The Jalopy Journal
Discussion in 'The Hokey Ass Message Board' started by carlisle1926, Nov 10, 2012.
The Steeldraulic 4 wheel brakes did come out in August 1927, I typed 1929 by mistake.
I found some fork mounted Locomobile headlights on ebay that I liked better than my old marine spotlights. These are huge heavy lights. They came with two extra headlights and one more lens.
Lots of cool stuff going on this build. Keep at it!!
I found a $50 axle from a 1924 Dodge that had about 2-3" more drop than the stock 1923 axle. One of the issues that I was having with the front wheels were the later hubs that had much larger bearings. The spindles on this axle are about 1/4" larger in diameter than the 1923 axle, so when I order bearings, the wheels shouldn't flop all around anymore. I got a call last week from a guy with 5 of the 21" disk wheels that I need with decent tires on them. I hope to have them in soon. Then I will be able to safely roll the chassis around and out of my front yard!
The pieces/parts look good apart, can't wait to see them together. What sort of front brakes will you run?
I haven't figured out front brakes yet.
I should have a nice restored set of the 21" disk wheels and tires in soon. They are off of a 1920's Studebaker that used the exact same Budd wheel. I'm now in search of a machine shop to turn down my original wheel hubs and turn them into adapters to fit a 9" Ford that I will be using as the rear axle. The bolt pattern is a 5 on 6-1/2" bolt circle with an unusually large 4-1/2" alignment hole. That's all of the excitement for now.
The 21" Studebaker disk wheels and tires came in yesterday! Wow are these wheels nice. They are significantly larger than the 20" wheels that were on the rear of my speedster. The Dodge wheels are 29" tall and the Studebaker wheels are 33" tall.I've decided to use a much smaller and lighter 8" Ford 1969 Mustang axle rather than the 1968 9" Ford truck axle that I bought. I removed the Dodge brake drums and had my original Dodge hubs turned down so they will fit over the Ford axle. I had countersunk holes drilled in the Dodge hubs and tapped 5/8" fine threads into the Ford axle stud holes. The Dodge hubs can now be held on with five heavy duty flat head bolts that can't back out when the wheels is bolted on. So my rear axle issues are solved. Next I'll begin to modify the 8" Ford axle for installation. You will just have to see what I'm doing to the Ford axle when I'm done- if it works.
I decided that I didn't like the look of an 8" Ford axle sitting out in the open on this car. So, I cut out the center section of the original Dodge rear axle, cut it in half and then fitted over the Ford axle. This added about 20lbs to my axle, but I could carry around the 8" axle with no problem before, so I don't think this extra weight will have any ill effects on unsprung weight later on. I hope to weld the original Dodge brake backing plates behind the Ford plates. I should be able to do so without causing any problems getting to the wheels cylinders later on. i want this axle to appear period correct for a 1910's racer.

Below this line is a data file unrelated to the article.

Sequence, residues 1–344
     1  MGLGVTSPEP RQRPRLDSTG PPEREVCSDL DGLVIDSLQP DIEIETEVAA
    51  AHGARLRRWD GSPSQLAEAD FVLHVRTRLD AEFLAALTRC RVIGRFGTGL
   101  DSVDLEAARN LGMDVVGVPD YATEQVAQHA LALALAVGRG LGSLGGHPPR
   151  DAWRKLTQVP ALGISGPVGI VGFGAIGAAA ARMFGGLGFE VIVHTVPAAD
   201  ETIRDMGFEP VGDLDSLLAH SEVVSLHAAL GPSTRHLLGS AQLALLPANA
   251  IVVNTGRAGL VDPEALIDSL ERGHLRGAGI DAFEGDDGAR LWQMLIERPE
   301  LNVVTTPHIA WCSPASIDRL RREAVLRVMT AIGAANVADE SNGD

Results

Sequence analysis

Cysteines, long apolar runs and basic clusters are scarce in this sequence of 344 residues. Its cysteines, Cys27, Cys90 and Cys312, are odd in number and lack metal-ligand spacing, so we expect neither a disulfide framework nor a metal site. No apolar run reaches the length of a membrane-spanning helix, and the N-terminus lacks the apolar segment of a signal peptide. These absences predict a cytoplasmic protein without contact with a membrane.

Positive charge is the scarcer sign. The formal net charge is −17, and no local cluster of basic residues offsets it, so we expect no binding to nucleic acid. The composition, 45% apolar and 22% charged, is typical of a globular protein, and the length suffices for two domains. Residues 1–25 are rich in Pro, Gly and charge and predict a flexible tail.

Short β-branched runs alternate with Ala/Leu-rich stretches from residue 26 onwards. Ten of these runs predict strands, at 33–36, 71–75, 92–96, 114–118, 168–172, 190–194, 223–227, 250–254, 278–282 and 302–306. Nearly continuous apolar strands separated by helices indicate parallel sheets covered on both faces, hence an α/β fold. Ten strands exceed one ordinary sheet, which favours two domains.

I got the 8" Ford axle under the chassis today. I'm stunned the axle tubes were exactly the same size as the original Dodge axle tubes. The axle bolted right in with the original U-bolts. I might flip the mounts and put the axle on top of the springs to lower the rear of the frame. I also mounted the tires and wheels. I was able to roll the chassis into my driveway for the first time.
looks great , thanks for sharing your build photos , i like speedsters , very cool cars
neat idea. i'll be watching!
Great job disguising the modern rearend. When I read you were using an 8" Ford, I thought "oh no", but you made it right. Well done.
WOW! Details like this rear axle upgrade are what will make this speedster really stand out in a crowd. Well done! Bob
The 1911/12 National racer has an axle with a very similar appearance to mine. I want to make the extra support bar under mine like the National axle.
With the five spring rear suspension, that will definitely look vintage.
Nice start.I like what you did with the rear end.
Wow, that is cool. I can hardly wait to see what you're doing with the backing plates. Ought to be inspiring as well. Subscribed.
theres the engine I'd use
the mack museum has a list of parts vendors, and you'd be surprised as to how many parts are still available
that big 6 with a slew of carbs in a row sticking out of the hood would look real cool
And you could name the car "Big Mack"!
very cool build! but the way i see it, you have five rear springs - you need five headlights on that rig. use all that you showed us, plus one more!
I've been down sick for most of the year, so no neat updates. The only real update, is I bought a rebuilt 1954 Chevy 235 and a 1954 Chevy cab over engine updraft intake manifold. I think this is what I'll use for the engine in the car. It isn't a very exciting engine, but it will be reliable.
I didn't read this whole thread. have you searched Morton and Brett? They built and sold speedsters built on the Dodge and Ford chassis when they were hot stuff. Made Indy cars out of them also. And a cool OHV conversion had for the Dodge.
I've never heard of them before. I'll research it.
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